The World is Not Made for Women
an article by Erica Yan
Dear Asian Youth,
The world is not made for women—from the gender wage gap to sexual assault statistics, women have a significantly harder time than males of the same demographic, education level, and social status. Not only do women face these inequalities, but they are also subject to harassment for the same roles they have been forced into playing.
Women are often stereotyped as shallow and exclusively caring about appearances. In the media, they are often depicted shopping or spending large amounts of money on things like makeup. At the same time, young girls are taught to be “feminine” and wear things like dresses and makeup. We teach them to be primarily pretty—traits like intelligence and athleticism come second. It’s no wonder we care so much about appearances. While consistently telling girls “you’re beautiful” seems like it would solve this problem, it can actually be counterproductive as it reinforces the argument that they are valued for their looks. It is not every woman’s job to be beautiful, and more focus should be given to things like character or accomplishments. If we want women to stop caring about things we deem shallow, we need to first stop determining their value based on these same old-fashioned factors.
Along with appearance, a woman’s body is often the subject of scrutiny. Various, often conflicting, body standards are placed on them, and we are constantly bombarded with the idea that thin is good, thin is healthy. As a result, women can feel guilty for eating. Yet, how many times have you heard a guy claim “I like a girl who can eat?” Many people complain of women “stealing” bites of someone else’s food at the restaurant table after claiming they aren’t hungry. Initially, this may just seem like an irritating habit, but there is more to this small action that meets the eye. Women are taught that they need to be thin to be beautiful and are subject to the beauty standards of the day. We default to something like a salad despite how hungry we are when ordering food. Once we realize what we really wanted were some fries, we will reach for those fries. In the same way, we are mocked both for adhering to the principles determined by the people who simultaneously mock us for not adhering to them.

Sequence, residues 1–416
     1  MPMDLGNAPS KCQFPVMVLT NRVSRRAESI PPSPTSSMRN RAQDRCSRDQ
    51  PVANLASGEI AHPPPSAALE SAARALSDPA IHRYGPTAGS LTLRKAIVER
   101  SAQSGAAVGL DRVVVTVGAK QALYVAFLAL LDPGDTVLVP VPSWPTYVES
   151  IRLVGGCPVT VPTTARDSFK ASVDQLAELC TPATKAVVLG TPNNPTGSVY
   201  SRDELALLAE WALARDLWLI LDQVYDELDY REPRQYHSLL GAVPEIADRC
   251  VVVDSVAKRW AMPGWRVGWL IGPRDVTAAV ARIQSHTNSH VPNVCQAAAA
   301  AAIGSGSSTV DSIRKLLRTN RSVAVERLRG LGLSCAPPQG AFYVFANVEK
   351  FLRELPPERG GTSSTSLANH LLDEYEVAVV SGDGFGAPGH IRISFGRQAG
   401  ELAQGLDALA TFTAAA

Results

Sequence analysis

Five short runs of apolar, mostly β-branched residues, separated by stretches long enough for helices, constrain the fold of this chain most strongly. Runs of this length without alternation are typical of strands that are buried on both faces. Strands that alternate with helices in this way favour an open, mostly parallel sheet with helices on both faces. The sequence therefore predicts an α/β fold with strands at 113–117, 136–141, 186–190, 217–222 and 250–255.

Finally, women are often made fun of for requiring a friend’s company to do something as basic as going to the bathroom. However, with the high incidence of sexual assault, women are also taught that they shouldn’t be alone, that they should go places with a friend or family member to avoid getting assaulted; they are pushed towards co-dependency. Women shouldn’t have to alter their behavior to be granted basic human respect. When we teach this to girls, we are enforcing rape culture—we are teaching them that someone less cautious will get assaulted in their place, rather than teaching people shouldn’t get assaulted in the first place. But at the same time, it is undeniable that it is significantly more dangerous for a woman to be alone. Apparently, requiring a friend to accompany you is illogical, yet also absolutely necessary, and women get hate for doing either of those things. There’s no way to win.
It is unlikely that these stereotypes that are deeply rooted in our society will go away any time soon. Ultimately, if something makes you happy, just do it. You won’t please everyone, but there really is no need to appease people who don’t matter in your life. If anybody needs to be discontent as a result of your actions, it shouldn’t be you.
Cover Photo Source: The AOI